There can be no doubt that Ontario is now a much better place for individuals with Developmental Disabilities than it was before OASIS’ founding 20 years ago. In that time, our membership has grown from 6 members to 191, and we have transformed from an organization focused on “Surviving” to one that is “Thriving”. Now, 20 years later, it’s time to renew and refresh our organization and vision. To do so, OASIS is developing a new strategic plan to guide the Board of Directors, its committees and its membership towards 2020.
Through consultation with our target audiences, the OASIS Board of Directors is establishing a strategic vision and road-map called “OASIS 20-20”. This initiative will help align our voices and priorities so we can better define the future of the developmental sector and help our Member agencies become stronger and healthier. We continue to engage all stakeholders – our members, our partners, and our government ministries – to discuss our role and our shared future supporting people with special needs in Ontario. While some aspects of OASIS will change, our core belief that Agencies Matter will not.
OASIS’ 20th Anniversary Conference was a tremendous success!
As a community, we can help improve the lives and futures for people with disabilities and we can move our society from one that is Surviving to one that is Thriving. In efforts to learn more about best practices and advancements that went beyond our immediate communities and our province, OASIS 2017 Conference took steps to help broaden our collective learning to an international level.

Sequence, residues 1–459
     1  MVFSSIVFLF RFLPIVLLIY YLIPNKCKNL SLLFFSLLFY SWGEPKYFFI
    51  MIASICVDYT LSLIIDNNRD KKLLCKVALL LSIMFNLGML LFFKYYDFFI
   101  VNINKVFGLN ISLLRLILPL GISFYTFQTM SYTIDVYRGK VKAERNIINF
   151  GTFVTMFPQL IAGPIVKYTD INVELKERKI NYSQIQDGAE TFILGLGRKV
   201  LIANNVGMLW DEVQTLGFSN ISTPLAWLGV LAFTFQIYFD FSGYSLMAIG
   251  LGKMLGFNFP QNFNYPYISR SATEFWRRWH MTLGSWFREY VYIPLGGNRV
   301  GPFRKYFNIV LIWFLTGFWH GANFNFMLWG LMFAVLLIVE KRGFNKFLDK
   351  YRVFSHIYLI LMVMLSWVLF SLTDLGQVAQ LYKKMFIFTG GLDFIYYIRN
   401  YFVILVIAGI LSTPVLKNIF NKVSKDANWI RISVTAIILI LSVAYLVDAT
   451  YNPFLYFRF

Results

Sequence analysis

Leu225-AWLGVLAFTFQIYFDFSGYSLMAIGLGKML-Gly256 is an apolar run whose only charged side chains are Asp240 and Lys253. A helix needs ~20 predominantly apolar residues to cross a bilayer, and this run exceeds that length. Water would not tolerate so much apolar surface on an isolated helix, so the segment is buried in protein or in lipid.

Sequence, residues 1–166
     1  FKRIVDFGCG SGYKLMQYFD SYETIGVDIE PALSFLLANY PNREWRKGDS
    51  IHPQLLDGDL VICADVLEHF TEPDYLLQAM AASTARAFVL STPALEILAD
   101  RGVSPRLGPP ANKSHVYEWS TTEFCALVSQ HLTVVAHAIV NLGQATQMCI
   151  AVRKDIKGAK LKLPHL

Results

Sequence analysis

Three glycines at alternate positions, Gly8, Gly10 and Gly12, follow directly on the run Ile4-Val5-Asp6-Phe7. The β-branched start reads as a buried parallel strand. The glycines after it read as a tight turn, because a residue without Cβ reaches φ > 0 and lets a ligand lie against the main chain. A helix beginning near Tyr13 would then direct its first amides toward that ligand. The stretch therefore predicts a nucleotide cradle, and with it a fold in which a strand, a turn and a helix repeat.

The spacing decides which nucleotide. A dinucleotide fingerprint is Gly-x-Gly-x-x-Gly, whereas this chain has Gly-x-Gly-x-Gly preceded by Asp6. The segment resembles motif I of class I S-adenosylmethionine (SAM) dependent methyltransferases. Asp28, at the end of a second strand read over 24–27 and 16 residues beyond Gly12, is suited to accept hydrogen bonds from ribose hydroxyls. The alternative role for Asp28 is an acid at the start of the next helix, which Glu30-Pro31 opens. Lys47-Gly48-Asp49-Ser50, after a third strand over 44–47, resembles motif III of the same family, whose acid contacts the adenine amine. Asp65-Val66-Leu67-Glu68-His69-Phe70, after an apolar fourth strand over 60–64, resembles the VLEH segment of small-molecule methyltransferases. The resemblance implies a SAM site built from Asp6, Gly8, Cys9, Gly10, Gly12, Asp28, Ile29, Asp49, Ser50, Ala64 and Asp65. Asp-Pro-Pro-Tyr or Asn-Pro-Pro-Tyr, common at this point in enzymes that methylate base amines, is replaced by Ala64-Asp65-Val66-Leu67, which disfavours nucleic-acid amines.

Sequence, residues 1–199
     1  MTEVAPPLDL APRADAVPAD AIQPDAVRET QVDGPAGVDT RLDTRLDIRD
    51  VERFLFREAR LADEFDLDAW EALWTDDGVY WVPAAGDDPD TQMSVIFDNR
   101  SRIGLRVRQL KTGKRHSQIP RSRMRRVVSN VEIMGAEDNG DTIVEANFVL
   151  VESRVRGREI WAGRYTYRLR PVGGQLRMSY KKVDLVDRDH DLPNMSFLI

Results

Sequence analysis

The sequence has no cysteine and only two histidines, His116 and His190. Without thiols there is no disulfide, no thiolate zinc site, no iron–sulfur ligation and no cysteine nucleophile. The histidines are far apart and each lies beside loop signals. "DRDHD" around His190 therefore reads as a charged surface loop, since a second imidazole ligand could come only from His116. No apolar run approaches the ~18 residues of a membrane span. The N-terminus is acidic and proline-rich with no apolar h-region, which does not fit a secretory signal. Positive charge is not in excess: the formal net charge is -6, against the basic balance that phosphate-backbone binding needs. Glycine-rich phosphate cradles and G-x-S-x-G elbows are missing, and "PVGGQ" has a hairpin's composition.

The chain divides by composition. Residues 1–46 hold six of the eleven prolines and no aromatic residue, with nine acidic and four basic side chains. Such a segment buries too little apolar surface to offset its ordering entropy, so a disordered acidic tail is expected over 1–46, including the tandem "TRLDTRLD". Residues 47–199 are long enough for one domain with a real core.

During the conference, we were delighted to host an international panel of experts from Germany, Australia and Canada and honored to have Minister Carla Qualtrough share stories that ignited our passions and raised awareness of possibilities. Many thanks to those that helped us to make this happen.
Minister of Sport and Persons with Disabilities Carla Qualtrough has been mandated to pass the Canadians with Disabilities Act, and recently released a report entitled, “Creating new national accessibility legislation: What we learned from Canadians.” The report summarizes the input received following Canada-wide consultations to inform the development of new planned federal accessibility legislation.
Some 502 people attended the Annual General Meeting and 20th Anniversary. By category, they included: